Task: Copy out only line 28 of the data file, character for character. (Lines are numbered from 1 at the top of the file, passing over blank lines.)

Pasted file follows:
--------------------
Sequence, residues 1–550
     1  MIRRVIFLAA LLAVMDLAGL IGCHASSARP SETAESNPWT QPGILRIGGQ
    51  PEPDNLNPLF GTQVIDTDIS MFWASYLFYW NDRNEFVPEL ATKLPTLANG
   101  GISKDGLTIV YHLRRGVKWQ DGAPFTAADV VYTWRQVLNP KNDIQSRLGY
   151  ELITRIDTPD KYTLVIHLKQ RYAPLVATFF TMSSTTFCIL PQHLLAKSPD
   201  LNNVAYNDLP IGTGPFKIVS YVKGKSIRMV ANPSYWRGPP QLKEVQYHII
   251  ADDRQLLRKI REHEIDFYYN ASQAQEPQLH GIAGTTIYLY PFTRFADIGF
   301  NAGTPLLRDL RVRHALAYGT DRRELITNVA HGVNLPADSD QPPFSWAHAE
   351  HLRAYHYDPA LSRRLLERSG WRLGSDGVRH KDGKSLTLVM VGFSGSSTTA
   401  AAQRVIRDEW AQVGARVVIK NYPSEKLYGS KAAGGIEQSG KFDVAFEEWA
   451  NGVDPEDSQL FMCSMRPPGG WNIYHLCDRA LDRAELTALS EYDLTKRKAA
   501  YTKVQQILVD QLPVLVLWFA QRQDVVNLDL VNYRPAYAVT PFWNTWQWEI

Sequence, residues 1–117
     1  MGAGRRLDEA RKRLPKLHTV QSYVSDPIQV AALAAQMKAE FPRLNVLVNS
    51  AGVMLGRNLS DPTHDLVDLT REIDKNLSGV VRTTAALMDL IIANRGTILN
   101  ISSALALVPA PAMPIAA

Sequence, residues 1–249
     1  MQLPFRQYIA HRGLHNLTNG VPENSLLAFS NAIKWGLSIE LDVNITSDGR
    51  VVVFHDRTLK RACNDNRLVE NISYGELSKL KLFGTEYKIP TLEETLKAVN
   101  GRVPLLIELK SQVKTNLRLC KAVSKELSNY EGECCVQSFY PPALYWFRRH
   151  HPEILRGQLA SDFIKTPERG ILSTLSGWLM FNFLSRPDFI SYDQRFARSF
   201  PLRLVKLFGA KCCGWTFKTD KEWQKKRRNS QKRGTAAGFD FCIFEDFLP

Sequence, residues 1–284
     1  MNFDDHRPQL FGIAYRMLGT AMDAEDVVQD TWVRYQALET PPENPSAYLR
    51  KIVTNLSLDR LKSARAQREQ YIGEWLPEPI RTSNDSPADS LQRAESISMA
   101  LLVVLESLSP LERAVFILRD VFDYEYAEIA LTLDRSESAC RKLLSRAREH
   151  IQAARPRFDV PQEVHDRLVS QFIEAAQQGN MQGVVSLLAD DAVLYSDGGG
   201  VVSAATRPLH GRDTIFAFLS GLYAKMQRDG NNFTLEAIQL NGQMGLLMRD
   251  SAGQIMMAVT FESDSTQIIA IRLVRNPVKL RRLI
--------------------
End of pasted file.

   201  VVSAATRPLH GRDTIFAFLS GLYAKMQRDG NNFTLEAIQL NGQMGLLMRD